5 RMSD excluding 6 atoms in the symmetric di-carboxylate that are flipped 180° in the IFD structure
The Receptor column lists the rigid receptors into which the ligands of other co-crystallized structures are inducing conformational changes. Prior to treatment with Induced Fit, docking results to the rigid receptor return either no poses or high RMSDs. Ligand poses improve dramatically as Induced Fit accurately predicts the active site geometry.
Validated across a variety of diverse systems, Schrödinger's Induced Fit protocol equips researchers with a highly efficient method for the accurate prediction of protein-ligand interactions.
Citations and Acknowledgements
Schrödinger Release 2017-1: Schrödinger Suite 2017-1 Induced Fit Docking protocol; Glide, Schrödinger, LLC, New York, NY, 2017; Prime, Schrödinger, LLC, New York, NY, 2017.
ö Farid, R.; Day, T.; Friesner, R. A.; Pearlstein, R. A., "New insights about HERG blockade obtained from protein modeling, potential energy mapping, and docking studies," Bioorg. & Med. Chem., 2006, 14, 3160-3173
ö Sherman, W.; Day, T.; Jacobson, M. P.; Friesner, R. A.; Farid, R., "Novel Procedure for Modeling Ligand/Receptor Induced Fit Effects," J. Med. Chem., 2006, 49, 534-553
ö Sherman, W.; Beard, H. S.; Farid, R., "Use of an Induced Fit Receptor Structure in Virtual Screening," J. Med. Chem., 2004, 47, 1739–1749
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"Optimization of 4-aminoquinoline/clotrimazole-based hybrid antimalarials: Further structure–activity relationships, in vivo studies, and preliminary toxicity profiling"Gemma, S.; Camodeca, C.; Coccone, S.S.; Joshi, B.P.; Bernetti, M.; Moretti, V.; Brogi, S.; de Marcos, M.C.B.; Savini, L.; Taramelli, D.; Basilico, N.; Parapini, S.; Rottmann, M.; Brun, R.; Lamponi, S.; Caccia, S.; Guiso, G.; Summers, R.L.; Martin, R.E.; , J. Med. Chem., 2012, 55(15), 6948-6967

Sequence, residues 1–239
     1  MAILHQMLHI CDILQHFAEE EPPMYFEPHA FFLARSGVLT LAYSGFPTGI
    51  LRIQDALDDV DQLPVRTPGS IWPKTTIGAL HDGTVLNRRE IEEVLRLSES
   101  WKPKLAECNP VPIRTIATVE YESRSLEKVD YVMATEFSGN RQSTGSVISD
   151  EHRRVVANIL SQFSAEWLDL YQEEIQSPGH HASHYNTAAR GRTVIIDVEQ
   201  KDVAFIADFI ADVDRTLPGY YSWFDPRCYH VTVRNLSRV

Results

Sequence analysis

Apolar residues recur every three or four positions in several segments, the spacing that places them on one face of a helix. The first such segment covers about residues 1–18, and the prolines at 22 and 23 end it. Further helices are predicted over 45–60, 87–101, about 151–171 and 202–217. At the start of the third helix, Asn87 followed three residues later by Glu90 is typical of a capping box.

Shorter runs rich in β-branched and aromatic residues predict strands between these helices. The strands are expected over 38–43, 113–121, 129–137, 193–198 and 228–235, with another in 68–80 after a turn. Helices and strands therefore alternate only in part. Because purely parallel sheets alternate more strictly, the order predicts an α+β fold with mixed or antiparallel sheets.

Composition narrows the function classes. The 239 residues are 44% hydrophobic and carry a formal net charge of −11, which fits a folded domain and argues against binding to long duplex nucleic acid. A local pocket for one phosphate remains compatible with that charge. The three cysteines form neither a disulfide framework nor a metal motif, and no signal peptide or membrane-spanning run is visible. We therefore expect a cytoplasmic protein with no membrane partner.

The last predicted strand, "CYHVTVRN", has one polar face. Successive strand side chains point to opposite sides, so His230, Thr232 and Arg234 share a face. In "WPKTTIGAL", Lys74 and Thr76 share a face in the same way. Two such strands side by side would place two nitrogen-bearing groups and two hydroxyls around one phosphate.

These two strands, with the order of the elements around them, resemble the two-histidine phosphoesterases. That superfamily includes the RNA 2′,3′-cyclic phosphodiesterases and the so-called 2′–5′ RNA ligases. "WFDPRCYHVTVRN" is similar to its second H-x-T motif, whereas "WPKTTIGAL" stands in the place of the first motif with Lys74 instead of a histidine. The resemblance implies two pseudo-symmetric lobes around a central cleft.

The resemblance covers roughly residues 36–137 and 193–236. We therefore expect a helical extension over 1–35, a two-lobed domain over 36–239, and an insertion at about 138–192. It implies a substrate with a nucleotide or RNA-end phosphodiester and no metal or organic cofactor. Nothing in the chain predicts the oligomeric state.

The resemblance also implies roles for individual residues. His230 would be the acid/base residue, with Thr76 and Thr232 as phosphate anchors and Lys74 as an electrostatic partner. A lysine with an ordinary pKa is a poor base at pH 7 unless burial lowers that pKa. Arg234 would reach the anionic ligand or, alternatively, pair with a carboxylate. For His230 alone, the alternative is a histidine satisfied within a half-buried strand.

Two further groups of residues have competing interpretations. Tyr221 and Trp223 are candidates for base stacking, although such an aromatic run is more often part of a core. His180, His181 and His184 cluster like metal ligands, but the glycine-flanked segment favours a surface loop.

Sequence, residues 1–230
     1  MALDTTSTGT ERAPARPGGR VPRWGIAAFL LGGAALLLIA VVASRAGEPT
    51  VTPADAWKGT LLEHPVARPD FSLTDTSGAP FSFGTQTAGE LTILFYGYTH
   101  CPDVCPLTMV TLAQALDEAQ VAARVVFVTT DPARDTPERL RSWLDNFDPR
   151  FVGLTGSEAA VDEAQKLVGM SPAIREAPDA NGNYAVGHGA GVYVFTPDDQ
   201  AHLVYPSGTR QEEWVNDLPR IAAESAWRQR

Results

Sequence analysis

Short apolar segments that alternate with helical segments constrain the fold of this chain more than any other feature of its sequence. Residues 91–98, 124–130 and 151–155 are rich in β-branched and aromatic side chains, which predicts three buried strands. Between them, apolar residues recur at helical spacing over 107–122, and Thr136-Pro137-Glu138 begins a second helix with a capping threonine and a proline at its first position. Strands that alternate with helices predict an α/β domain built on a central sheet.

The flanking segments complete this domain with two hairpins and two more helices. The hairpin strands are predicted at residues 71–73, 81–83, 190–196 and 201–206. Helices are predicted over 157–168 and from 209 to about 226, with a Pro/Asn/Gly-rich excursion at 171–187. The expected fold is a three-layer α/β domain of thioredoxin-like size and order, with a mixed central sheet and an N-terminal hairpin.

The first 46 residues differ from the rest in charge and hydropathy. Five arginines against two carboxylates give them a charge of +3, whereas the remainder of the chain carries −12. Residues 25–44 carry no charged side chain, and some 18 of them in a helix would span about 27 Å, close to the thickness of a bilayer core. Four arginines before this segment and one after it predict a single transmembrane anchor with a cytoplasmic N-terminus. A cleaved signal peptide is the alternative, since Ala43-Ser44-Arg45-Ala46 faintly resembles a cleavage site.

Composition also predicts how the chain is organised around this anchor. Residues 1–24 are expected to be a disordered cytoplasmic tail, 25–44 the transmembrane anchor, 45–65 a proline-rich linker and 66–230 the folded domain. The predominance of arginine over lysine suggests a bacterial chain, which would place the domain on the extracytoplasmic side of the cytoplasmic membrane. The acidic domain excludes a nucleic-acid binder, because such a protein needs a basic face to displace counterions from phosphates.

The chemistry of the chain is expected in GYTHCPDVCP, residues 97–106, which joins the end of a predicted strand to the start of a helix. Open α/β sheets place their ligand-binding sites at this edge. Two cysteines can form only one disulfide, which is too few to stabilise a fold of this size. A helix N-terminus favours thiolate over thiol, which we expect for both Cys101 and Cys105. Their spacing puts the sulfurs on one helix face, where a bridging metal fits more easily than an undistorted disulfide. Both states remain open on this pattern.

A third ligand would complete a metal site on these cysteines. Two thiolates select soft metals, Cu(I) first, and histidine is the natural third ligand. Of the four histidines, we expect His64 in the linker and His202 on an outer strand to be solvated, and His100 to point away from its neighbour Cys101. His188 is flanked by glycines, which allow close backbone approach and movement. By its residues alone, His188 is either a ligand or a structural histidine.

"Discovery of new non-steroidal FXR ligands via a virtual screening workflow based on Phase shape and induced fit docking"Fu, J.; Si, P.; Zheng, M.; Chen, L.; Shen, X.; Tang, Y.; Li, W., Bioorg. Med. Chem. Lett., 2012, 22(22), 6848-6853
Schrödinger has made available the HERG homology model and one of the Induced Fit structures from the following publication:
Farid, R.; Day, T.; Friesner, R. A.; Pearlstein, R. A., "New insights about HERG blockade obtained from protein modeling, potential energy mapping, and docking studies", Bioorg. & Med. Chem., 2006, 14, 3160-3173.
Note: The structure 'HERG_HM_open.pdb' is the open form of the homology model that was used as the starting structure for the Induced Fit Docking (IFD) procedure described in the paper. In order to predict the binding mode for a particular HERG blocker or to produce a protein structure suitable for screening studies, it is recommended that our IFD procedure be used, starting from the provided homology model and a structure of the known blocker. We have also made available the Induced Fit structure with S-terfenadine bound ('HERG_IFD_S-terfenadine.pdb'), which is shown in Figure 6 of the above publication.